Remarks on the Mansfield-Winthrop Translation

in French Politics, Culture & Society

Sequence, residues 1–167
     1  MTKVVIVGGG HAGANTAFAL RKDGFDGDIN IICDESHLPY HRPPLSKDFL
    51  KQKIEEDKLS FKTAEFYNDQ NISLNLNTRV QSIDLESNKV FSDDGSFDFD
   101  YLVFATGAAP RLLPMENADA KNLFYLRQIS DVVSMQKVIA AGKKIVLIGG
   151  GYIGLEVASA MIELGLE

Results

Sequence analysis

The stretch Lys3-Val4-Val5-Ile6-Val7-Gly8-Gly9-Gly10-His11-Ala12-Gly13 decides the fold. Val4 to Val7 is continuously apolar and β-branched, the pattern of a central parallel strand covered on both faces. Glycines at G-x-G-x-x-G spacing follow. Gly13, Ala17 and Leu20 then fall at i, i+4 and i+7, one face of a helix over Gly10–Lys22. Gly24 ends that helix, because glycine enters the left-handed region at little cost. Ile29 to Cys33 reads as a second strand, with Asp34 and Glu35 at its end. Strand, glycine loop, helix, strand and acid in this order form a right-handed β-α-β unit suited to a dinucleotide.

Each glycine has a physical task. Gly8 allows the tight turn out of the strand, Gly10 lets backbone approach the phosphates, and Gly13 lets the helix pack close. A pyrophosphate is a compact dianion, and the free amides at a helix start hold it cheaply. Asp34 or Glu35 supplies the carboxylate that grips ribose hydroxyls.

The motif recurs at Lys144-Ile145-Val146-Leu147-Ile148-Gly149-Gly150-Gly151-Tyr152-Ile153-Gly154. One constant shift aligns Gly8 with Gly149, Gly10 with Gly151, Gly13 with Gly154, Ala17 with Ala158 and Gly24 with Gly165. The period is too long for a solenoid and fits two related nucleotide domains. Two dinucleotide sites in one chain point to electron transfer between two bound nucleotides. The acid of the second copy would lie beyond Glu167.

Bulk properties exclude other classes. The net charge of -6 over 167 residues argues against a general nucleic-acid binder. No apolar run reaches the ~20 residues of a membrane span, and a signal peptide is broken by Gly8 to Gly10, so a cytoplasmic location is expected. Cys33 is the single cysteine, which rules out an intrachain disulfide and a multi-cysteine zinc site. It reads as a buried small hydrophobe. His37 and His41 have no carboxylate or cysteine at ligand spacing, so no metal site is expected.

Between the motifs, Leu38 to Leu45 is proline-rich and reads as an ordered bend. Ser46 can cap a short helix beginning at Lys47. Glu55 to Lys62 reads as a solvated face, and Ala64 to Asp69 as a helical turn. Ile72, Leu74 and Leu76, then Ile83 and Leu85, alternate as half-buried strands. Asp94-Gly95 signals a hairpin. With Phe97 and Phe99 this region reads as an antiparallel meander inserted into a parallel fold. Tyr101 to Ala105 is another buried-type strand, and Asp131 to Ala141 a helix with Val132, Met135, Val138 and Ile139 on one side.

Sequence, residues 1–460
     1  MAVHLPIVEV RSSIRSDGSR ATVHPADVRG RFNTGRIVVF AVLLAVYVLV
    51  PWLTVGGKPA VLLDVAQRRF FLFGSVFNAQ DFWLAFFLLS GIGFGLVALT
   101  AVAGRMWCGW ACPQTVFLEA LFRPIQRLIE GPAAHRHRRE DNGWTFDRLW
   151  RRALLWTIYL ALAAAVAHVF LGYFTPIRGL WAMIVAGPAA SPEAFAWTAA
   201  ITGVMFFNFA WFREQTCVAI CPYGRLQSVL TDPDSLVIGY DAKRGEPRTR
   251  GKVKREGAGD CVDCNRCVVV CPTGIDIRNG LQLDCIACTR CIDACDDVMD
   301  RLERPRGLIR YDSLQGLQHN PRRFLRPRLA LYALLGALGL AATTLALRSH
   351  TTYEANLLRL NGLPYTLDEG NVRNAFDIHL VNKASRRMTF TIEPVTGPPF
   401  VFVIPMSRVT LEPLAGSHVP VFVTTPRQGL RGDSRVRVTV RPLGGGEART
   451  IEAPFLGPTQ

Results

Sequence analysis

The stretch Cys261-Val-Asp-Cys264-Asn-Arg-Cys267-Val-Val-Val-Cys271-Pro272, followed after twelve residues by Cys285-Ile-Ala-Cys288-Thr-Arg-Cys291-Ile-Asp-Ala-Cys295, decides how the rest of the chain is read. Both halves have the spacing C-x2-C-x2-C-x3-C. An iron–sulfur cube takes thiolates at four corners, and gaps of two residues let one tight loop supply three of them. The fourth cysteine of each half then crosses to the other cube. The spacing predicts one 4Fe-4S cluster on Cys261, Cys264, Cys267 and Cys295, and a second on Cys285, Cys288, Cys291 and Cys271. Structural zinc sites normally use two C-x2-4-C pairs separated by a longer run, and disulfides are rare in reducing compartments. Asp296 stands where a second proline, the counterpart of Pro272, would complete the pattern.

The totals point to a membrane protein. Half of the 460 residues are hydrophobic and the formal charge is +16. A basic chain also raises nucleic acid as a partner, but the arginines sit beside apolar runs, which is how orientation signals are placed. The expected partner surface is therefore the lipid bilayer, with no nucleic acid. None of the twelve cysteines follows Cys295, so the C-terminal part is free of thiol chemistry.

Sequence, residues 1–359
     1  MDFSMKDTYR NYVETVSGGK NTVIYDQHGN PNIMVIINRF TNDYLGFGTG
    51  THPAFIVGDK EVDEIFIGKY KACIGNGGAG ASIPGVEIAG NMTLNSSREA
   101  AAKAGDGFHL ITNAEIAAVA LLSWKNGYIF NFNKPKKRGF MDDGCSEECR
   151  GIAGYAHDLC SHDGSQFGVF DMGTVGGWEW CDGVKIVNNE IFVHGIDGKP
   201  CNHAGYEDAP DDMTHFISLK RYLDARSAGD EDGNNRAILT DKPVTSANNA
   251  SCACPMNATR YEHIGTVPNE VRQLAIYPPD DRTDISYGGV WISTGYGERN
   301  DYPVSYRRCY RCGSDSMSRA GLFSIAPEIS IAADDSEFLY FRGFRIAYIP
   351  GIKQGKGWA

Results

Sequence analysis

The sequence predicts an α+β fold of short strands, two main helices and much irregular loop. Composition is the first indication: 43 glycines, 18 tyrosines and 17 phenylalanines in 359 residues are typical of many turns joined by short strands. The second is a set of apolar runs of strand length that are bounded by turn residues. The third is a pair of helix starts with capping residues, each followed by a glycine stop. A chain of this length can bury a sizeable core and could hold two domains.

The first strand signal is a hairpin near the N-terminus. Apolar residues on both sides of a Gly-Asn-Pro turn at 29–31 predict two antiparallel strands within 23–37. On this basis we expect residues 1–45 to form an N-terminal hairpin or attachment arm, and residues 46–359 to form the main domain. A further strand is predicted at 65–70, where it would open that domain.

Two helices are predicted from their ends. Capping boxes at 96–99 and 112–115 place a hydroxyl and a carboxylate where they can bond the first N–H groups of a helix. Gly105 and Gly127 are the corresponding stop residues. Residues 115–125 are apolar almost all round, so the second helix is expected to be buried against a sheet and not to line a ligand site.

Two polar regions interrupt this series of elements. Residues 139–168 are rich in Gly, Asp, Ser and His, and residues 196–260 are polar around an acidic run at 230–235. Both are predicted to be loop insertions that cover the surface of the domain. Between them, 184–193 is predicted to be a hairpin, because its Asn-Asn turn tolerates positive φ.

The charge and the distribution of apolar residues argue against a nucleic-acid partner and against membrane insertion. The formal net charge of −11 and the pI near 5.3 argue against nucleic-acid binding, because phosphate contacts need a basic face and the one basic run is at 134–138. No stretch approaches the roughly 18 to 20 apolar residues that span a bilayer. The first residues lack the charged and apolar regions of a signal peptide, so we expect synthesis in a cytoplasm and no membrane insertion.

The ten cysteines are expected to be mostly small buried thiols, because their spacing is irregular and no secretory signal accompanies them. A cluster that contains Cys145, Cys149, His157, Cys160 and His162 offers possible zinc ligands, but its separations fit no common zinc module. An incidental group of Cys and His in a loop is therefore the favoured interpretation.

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In the course of preparing a new translation of Democracy in America (to be published by the Library of America), I have had occasion to look closely at the recent translation by the distinguished political scientists Harvey Mansfield and Delba Winthrop. The volume begins with a brilliant introductory essay that has to count among the best brief accounts of Tocqueville’s work.1 Mansfield and Winthrop then vigorously defend a particular view of translation. Their intent, they say, is to be “as literal and consistent as we can, while still readable.” They also seek to be “modest, cautious, and faithful.”2 They are critical of the work of their predecessors Henry Reeve and George Lawrence on the grounds that these “literary persons,” not being students of the text in the sense that “philosophers” are students of texts, “presume to know the meaning of the author. That, they believe, is no more difficult to acquire than by looking in a dictionary, or by experience not needing to look in a dictionary. … Neither translator had in mind the need to study the book.”3


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